Although gay, lesbian, and queer theory are related practices, the three terms delineate separate emphases marked by different assumptions about the relationship between gender and sexuality.
The Harlem Renaissance, an African-American literary movement of the 1920s and 1930s, included several important gay and lesbian writers.
Oscar Wilde is important both as an accomplished writer and as a symbolic figure who exemplified a way of being homosexual at a pivotal moment in the emergence of gay consciousness.
Langston Hughes, whose literary legacy is enormous and varied, was closeted, but homosexuality was an important influence on his literary imagination, and many of his poems may be read as gay texts.
Conflicted over his own sexuality, Tennessee Williams wrote directly about homosexuality only in his short stories, his poetry, and his late plays.
Erotic and pornographic works have been written in many cultures since ancient times and recently have flourished with the relaxation of censorship.
Feminist literary theory is a complex, dynamic area of study that draws from a wide range of critical theories.
James Baldwin, a pioneering figure in twentieth-century literature, wrote sustained and articulate challenges to American racism and mandatory heterosexuality.
On June 14, 2013, the White House announced that President Obama has nominated two more openly gay men as Ambassadors. HBO executive James Costos has been tapped to represent the United States as Ambassador to Spain. Democratic Party fundraiser Rufus Gifford has been nominated to serve as Ambassador to Denmark.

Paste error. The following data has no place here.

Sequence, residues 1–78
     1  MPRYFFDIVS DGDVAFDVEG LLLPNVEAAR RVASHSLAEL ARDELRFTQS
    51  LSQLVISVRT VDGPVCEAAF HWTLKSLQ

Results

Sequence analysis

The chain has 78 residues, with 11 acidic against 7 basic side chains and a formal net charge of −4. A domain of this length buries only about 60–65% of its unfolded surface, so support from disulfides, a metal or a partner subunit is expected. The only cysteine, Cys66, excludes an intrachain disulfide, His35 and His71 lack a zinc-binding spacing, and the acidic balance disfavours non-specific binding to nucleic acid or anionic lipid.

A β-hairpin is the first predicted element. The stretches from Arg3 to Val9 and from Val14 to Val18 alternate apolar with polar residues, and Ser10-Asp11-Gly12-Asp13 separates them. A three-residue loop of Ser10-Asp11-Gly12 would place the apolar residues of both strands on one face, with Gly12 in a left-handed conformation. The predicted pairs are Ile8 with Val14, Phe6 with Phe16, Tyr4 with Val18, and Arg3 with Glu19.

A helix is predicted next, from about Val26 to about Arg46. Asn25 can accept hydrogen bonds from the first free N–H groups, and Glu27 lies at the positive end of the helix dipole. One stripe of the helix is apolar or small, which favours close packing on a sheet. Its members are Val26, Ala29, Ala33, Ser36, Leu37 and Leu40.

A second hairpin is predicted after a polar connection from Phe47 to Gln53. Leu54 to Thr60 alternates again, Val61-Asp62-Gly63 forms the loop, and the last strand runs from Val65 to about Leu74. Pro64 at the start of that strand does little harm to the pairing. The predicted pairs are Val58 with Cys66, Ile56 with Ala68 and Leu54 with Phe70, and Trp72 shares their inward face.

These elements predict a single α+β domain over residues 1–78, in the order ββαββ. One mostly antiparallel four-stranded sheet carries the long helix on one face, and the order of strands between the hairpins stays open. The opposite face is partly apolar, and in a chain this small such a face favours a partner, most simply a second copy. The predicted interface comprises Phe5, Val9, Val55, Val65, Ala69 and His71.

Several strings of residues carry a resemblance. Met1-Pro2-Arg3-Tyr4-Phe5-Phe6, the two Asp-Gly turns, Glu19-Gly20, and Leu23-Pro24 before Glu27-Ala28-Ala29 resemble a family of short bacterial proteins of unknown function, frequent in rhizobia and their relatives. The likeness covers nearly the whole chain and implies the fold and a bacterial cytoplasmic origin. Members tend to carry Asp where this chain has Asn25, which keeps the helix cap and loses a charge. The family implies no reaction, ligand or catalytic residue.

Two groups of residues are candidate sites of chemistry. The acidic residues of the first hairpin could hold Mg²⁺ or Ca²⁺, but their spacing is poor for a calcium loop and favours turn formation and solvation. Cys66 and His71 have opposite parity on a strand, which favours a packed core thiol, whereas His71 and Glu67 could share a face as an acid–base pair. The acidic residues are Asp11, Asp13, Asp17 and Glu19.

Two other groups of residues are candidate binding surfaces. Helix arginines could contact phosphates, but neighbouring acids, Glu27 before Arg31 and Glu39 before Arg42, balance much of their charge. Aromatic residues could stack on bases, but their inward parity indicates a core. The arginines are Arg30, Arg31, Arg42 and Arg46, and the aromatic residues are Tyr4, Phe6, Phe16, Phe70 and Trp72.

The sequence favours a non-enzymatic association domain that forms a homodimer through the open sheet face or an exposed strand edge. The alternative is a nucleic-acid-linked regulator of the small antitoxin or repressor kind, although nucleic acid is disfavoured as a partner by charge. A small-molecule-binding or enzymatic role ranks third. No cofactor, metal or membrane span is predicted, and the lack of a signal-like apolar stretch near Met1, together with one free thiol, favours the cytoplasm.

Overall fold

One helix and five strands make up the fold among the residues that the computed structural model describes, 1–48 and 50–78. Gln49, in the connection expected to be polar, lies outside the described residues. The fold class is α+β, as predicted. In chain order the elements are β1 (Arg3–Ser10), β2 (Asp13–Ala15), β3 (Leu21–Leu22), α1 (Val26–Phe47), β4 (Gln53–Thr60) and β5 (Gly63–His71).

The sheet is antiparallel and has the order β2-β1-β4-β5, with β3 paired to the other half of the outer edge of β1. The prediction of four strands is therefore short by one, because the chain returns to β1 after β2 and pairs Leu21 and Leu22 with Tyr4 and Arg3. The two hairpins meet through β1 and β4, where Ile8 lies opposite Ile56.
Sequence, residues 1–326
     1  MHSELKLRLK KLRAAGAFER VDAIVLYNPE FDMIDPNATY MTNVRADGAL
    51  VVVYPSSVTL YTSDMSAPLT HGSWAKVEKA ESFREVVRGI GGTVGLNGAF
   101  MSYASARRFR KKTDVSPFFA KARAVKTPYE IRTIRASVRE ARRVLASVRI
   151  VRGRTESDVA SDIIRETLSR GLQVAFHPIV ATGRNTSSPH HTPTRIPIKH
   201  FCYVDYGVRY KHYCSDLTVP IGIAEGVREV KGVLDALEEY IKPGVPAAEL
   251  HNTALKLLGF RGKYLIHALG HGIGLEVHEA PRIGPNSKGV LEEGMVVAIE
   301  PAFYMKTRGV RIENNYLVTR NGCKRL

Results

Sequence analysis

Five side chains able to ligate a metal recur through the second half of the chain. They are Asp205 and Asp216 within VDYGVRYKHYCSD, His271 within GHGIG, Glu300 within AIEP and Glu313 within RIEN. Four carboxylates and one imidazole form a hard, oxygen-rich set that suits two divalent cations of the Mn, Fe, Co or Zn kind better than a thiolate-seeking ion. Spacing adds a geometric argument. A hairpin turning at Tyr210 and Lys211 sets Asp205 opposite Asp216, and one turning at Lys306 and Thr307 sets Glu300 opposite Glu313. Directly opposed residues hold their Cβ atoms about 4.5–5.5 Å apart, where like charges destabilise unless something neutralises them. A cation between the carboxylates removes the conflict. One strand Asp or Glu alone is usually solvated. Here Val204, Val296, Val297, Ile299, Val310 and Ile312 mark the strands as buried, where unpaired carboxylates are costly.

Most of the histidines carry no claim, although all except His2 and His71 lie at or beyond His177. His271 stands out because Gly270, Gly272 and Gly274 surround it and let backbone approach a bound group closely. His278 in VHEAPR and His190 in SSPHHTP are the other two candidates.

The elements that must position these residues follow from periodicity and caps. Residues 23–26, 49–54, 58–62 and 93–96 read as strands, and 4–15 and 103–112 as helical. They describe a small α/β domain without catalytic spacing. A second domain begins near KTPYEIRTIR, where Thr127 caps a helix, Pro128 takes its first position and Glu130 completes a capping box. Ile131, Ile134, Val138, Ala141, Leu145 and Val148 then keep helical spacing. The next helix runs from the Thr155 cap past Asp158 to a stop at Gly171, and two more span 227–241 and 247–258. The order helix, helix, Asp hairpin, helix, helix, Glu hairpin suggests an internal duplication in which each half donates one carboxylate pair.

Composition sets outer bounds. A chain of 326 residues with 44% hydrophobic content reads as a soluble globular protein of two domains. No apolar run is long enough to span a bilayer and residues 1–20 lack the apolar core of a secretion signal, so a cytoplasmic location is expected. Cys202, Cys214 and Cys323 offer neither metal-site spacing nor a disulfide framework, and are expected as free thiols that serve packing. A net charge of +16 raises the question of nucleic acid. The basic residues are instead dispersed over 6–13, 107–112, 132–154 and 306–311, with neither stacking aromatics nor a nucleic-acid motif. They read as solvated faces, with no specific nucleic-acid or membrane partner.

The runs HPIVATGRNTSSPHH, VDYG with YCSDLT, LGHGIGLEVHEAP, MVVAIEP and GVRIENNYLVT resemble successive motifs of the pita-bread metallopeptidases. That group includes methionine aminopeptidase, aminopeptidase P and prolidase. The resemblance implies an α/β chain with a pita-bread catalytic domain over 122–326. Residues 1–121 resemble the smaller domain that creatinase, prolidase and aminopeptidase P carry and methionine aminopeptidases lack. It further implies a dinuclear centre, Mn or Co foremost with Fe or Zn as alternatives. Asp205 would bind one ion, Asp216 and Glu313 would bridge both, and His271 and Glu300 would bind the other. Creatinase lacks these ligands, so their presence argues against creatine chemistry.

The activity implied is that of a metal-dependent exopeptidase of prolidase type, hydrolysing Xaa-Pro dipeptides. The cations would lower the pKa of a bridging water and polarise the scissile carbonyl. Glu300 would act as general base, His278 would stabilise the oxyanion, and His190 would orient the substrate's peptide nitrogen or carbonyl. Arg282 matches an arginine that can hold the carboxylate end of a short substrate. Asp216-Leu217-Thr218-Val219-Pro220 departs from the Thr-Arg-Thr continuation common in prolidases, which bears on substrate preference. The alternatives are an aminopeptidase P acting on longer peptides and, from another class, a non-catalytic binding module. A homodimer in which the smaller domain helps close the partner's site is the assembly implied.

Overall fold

Costos is the vice president of global licensing and retail, consumer marketing for HBO. In June 2010, Costos and his life partner, designer Michael Smith, hosted First Lady Michelle Obama at their home for a fundraiser for her husband's reelection campaign. In 2009, Smith was selected by the first lady to redecorate the residential quarters of the White House, and he later designed a makeover of the Oval Office.
Chad Griffin of the Human Rights Campaign described Costos as "a true citizen of the world. He has incredible global business experience and is a respected and innovative leader. He has solid business and political relationships at the highest levels and a proven commitment to community, philanthropy, human rights, and democracy that make him an outstanding choice to be the nation's next Ambassador to Spain."
Gifford, the son of a Boston banking family and a former film producer, is an accomplished Democratic Party fundraiser who served as finance director of the President's reelection campaign. In that capacity, he is believed to have raised almost a billion dollars. His former romantic partner Jeremy Bernard in 2011 became the first openly gay White House social secretary.
Griffin described Gifford as "a terrific choice to represent our country in Denmark. His demonstrated leadership and unwavering commitment to democracy and human rights will serve him well as he represents America's interests abroad."
On June 10, President Obama nominated Daniel Baer as U.S. Ambassador to the Organization for Security and Cooperation in Europe (OSCE).
If Baer, Costos, and Gifford are confirmed by the U.S. Senate, they will become the fourth, fifth, and six openly gay U.S. Ambassadors.
The three previous openly gay U.S. Ambassadors are James C. Hormel, who was appointed Ambassador to Luxembourg by President Bill Clinton in 1999 in a "recess appointment" after the Senate refused to act on his 1997 nomination; Michael E. Guest, who was appointed Ambassador to Romania by President George W. Bush in 2001; and David Huebner, who was appointed Ambassador to New Zealand by President Obama in 2009 and continues to serve in that capacity.